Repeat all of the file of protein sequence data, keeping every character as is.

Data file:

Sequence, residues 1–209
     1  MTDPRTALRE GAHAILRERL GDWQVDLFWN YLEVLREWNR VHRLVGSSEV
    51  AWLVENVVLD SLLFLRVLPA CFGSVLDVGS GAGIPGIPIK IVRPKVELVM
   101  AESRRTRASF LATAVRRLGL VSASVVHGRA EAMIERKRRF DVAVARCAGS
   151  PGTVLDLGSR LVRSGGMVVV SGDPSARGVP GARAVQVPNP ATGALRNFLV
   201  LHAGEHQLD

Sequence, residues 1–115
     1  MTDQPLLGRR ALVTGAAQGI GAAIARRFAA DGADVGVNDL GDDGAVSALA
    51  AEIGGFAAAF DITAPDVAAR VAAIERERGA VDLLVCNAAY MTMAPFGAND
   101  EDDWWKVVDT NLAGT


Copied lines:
Sequence, residues 1–209
     1  MTDPRTALRE GAHAILRERL GDWQVDLFWN YLEVLREWNR VHRLVGSSEV
    51  AWLVENVVLD SLLFLRVLPA CFGSVLDVGS GAGIPGIPIK IVRPKVELVM
   101  AESRRTRASF LATAVRRLGL VSASVVHGRA EAMIERKRRF DVAVARCAGS
   151  PGTVLDLGSR LVRSGGMVVV SGDPSARGVP GARAVQVPNP ATGALRNFLV
   201  LHAGEHQLD

Sequence, residues 1–115
     1  MTDQPLLGRR ALVTGAAQGI GAAIARRFAA DGADVGVNDL GDDGAVSALA
    51  AEIGGFAAAF DITAPDVAAR VAAIERERGA VDLLVCNAAY MTMAPFGAND
   101  EDDWWKVVDT NLAGT